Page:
WALK into to Edinburgh’s doggerfisher art gallery over the next few weeks and you will be surrounded by drawings that initially look like large fuzzy TV screens. Closer inspection may suggest woven texture. Or maybe a view of the sea from an aeroplane, or contours on an Ordinance Survey map. Yet for the artist behind these mysterious but simple drawings, the work is not about representation, but about the activity behind their production.
David Connearn is a man who draws lines. Vast amounts of them. For over 20 years now, he has been investigating the uncontrollable forces that govern the act of drawing. He starts by drawing a pen line freehand, something which can only be interpreted as a line of ink. Once that line is completed to his chosen length, he then draws another one closely underneath it. And so on, until you have a block of densely packed lines, sometimes up to a square metre, and with edges that would definitely embarrass a spirit level.
The obvious question to what appears to be a painstaking and indeed pointless task is: why?
"I’m trying to create work which is totally opposed to expressing an idea or making a particular representation," says Connearn. "Underneath all attempts to make representations is a whole world of activity you’re not in control of. Each time you approach a work, it comes out differently because the circumstances in which you’re doing it, or indeed the person who is doing it, have changed from how they were five minutes ago. The temperature or weather is changing, the way the ink hits the paper, or the absorbency of the paper, is changing. If the activity is
sensitive enough, or the tool is unresponsive enough, then all these changes in ambient circumstances will be recorded."
Indeed, the complexity of the drawings arises from the subtle changes in shade, indicating where a day’s work starts and finishes, and giving each drawing its own unique fingerprint. "One kind of artist may want to eradicate such accidental differences," says Connearn, "but my work is about them. It’s not about my intentions, but my activity as a vehicle for uncontrollable things. It’s an exorcism from that privileged sense of self which seems to be so important in some streams of 20th-century modern art."
Connearn’s divorce from self-expression seems almost like a religious practice. Did he experience a Damascene moment, a voice that decreed ‘Thou shalt draw lines?’ "My first art school was very keen on figure drawings, but also in interrogating perceptual activity behind the work," he says. He points to how a myriad of possible styles unconsciously influence the artist.
"I thought this was very arbitrary, so wanted to make some radical simplification and make work in which all the material factors are determining what goes on."
Connearn’s first investigation was in 1979 when he attempted to produce a series of drawings (which also feature in the exhibition) determined by a highly specific, fixed set of rules. Connearn drew a single line of 50mm within strict boundaries and at certain angles. Theoretically, such a tight framework should only produce one pattern, yet Connearn was intrigued to see the drawings were impossible to reproduce. "There is a turbulence that exists when trying to be as precise in the real world as you seem to be able to be in the metaphysical world of ideas. This is what interests me."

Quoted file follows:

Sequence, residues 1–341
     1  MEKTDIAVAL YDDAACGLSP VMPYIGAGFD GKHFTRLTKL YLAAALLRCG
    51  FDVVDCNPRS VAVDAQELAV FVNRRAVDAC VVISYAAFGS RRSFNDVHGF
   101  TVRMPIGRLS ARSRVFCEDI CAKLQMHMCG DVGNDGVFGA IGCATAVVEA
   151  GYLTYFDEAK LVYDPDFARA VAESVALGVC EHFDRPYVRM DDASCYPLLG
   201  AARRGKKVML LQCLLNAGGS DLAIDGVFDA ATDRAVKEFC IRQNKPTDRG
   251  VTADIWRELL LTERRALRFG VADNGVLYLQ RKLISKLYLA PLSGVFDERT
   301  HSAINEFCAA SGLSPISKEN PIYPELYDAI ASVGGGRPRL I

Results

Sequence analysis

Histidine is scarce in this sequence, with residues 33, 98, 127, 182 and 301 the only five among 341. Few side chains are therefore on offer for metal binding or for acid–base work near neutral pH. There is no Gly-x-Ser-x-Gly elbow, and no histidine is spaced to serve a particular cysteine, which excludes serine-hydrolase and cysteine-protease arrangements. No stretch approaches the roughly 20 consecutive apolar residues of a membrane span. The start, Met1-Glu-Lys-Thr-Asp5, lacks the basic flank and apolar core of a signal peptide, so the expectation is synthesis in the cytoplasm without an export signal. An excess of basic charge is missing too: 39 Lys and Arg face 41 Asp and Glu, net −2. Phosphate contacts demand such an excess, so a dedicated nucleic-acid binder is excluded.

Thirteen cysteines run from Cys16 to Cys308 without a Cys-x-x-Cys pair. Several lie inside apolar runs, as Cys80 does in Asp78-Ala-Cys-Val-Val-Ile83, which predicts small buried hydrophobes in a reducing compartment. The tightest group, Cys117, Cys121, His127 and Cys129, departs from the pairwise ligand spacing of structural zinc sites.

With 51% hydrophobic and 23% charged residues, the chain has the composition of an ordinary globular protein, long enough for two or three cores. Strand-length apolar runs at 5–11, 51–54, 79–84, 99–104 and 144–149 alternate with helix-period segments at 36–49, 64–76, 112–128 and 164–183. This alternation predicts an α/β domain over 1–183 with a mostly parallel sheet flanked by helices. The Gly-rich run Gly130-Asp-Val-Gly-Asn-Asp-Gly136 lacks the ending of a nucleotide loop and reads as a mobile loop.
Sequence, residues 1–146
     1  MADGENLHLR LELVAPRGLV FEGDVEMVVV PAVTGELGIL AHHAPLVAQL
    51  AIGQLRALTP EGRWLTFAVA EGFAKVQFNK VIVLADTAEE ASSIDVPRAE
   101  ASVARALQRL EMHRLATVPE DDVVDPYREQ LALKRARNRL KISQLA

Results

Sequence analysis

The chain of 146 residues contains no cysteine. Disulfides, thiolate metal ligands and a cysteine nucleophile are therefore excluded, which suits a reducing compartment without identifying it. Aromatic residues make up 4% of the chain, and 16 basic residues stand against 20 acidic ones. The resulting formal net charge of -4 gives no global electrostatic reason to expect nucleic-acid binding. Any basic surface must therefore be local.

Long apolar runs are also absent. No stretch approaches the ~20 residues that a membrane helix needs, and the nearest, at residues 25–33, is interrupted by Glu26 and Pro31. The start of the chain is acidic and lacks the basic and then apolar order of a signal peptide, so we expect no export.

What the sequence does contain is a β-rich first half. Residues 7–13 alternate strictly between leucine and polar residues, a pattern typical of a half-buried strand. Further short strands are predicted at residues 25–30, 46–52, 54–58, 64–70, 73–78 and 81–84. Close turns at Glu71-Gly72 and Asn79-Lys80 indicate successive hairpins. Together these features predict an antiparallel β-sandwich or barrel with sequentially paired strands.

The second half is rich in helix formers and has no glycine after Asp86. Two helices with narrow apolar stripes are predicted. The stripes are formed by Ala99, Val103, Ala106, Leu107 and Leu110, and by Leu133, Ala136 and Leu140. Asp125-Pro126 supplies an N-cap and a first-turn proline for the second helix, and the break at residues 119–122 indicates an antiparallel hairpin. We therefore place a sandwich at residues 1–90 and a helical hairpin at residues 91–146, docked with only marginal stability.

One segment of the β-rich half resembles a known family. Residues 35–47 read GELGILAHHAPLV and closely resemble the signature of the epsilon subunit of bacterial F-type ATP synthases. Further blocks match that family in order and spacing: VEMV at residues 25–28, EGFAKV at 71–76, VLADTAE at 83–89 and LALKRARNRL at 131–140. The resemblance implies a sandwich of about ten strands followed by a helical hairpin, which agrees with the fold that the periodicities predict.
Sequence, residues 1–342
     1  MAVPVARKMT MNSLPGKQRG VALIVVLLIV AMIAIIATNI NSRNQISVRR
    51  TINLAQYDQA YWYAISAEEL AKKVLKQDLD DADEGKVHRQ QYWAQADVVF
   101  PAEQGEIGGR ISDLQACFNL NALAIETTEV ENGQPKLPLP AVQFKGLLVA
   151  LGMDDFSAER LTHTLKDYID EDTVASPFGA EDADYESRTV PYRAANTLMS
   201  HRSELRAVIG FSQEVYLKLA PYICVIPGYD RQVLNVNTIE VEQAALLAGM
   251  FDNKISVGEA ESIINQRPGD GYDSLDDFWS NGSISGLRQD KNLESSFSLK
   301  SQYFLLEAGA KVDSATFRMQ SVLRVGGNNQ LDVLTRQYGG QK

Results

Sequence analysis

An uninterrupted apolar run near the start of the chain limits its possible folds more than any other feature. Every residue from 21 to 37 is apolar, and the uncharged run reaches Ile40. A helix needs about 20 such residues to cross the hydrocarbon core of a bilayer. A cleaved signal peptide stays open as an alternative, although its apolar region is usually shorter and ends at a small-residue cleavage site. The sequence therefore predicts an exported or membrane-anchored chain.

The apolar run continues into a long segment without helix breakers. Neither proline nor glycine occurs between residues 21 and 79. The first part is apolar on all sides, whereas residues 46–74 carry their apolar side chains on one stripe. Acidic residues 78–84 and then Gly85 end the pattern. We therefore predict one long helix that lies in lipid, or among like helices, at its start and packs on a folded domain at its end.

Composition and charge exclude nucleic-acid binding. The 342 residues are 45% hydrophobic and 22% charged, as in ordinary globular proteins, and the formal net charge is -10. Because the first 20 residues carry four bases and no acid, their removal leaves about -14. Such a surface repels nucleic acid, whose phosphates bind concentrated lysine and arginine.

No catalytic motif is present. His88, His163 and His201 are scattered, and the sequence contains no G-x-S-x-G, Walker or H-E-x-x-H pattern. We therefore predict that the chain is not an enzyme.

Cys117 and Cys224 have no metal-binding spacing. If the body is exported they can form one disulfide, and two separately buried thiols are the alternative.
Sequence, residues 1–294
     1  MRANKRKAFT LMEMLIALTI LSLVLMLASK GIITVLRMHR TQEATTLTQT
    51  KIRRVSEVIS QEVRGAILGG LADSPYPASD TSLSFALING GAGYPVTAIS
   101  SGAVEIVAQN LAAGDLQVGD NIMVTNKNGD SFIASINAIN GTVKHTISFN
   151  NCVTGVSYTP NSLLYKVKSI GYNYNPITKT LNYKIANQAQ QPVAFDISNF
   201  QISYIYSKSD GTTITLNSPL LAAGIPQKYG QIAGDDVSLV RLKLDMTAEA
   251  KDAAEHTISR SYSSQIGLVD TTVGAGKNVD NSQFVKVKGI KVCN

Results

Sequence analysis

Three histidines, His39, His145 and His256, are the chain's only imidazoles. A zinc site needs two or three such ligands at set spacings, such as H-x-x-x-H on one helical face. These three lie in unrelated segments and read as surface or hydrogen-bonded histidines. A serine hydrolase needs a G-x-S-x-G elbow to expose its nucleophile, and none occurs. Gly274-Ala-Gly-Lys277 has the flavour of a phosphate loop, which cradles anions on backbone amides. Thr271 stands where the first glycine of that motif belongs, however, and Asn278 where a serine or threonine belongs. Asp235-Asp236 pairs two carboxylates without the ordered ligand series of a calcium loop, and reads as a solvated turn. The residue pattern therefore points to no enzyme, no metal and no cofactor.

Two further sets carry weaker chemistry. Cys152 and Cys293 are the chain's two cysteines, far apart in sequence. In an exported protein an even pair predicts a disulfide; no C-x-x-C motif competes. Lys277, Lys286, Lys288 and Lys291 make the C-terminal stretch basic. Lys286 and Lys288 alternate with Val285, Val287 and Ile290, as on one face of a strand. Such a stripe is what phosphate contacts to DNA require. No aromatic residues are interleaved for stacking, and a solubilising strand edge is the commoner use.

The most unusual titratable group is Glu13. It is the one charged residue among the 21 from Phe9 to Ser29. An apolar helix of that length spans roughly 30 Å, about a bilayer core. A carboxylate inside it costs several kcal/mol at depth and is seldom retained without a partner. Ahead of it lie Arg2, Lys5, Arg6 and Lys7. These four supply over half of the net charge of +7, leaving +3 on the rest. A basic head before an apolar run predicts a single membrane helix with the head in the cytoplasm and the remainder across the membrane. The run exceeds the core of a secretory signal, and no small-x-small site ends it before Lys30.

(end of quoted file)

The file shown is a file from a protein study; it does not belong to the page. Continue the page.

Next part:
At the time, Connearn knew that only a sophisticated computer programme would be able to replicate his instructions perfectly, but it was yet to be developed. Happily, he has recently been working with two local mathematicians responsible for a continuous series of computer-generated drawings projected on to a white wall of the gallery.
Future projects include continuing a series of line drawings using pens with increasingly finer and finer nibs. So far, two have been completed. "The last drawing will have 20 lines for each line of the first drawing, which was done with thickest nib. So if that took two months, the last one will take two times 20 months," explains Connearn.
Fatigue doesn’t seem to be a factor in Connearn’s career. He acknowledges completion may take 20 years. "It’s good to have something to do," he muses.
It’s no surprise that Connearn has a history of embracing concentration-dependent activities, from gymnastics to Zen mediation. But for all his ‘renaissance man’ interests, at the heart of this artist’s work is a strong sense of democracy. "Anyone could make this kind of work. People look at it and can see the earnestness of the activity behind it. They can recognise their own capabilities in it - someone adjusting the tension of their knitting is intuitively doing what I do when I adjust the difference between lines. To me there are two types of work - work that gives and work that takes. The second demands people’s attention and support, but also debilitates people, making them feel they can’t be artists. The first allows people to say: ‘I understand this, I can do that myself.’ By pushing my own sense of self out of the picture, I’m making room for other people’s presence."
doggerfisher, Edinburgh (0131-558 7110), until July 28